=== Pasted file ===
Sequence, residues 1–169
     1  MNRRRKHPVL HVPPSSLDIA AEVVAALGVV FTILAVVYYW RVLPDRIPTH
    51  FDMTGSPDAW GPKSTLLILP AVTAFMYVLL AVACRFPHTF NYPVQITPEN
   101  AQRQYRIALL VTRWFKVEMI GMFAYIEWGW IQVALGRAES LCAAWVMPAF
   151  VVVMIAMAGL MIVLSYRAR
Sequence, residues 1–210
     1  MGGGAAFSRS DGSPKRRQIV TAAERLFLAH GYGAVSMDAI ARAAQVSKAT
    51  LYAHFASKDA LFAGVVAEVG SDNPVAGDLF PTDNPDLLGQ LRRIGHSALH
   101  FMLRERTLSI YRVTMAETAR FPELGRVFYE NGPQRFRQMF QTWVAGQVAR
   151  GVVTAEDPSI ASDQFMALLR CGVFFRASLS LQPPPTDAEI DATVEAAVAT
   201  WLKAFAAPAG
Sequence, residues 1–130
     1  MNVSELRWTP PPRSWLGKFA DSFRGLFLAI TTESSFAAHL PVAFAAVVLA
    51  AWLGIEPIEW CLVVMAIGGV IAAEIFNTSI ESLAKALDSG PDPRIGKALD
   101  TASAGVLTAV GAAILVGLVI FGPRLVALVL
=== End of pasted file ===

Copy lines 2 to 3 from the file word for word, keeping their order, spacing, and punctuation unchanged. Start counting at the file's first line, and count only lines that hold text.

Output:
     1  MNRRRKHPVL HVPPSSLDIA AEVVAALGVV FTILAVVYYW RVLPDRIPTH
    51  FDMTGSPDAW GPKSTLLILP AVTAFMYVLL AVACRFPHTF NYPVQITPEN